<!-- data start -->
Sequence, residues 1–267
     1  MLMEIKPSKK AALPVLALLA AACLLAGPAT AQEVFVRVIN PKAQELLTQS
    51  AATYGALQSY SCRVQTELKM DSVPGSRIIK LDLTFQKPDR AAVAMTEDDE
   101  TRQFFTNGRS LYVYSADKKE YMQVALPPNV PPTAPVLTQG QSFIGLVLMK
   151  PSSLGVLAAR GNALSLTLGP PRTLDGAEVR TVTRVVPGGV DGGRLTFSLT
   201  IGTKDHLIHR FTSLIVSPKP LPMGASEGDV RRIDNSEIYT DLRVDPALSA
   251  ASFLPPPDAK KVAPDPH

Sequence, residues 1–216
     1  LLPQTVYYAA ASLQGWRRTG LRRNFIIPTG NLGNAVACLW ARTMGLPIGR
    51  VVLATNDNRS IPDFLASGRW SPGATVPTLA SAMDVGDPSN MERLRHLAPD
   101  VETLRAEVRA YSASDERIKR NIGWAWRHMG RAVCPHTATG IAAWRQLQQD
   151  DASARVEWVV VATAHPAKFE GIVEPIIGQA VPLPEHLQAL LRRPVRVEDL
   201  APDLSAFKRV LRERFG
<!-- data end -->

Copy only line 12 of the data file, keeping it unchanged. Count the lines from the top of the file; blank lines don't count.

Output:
   151  DASARVEWVV VATAHPAKFE GIVEPIIGQA VPLPEHLQAL LRRPVRVEDL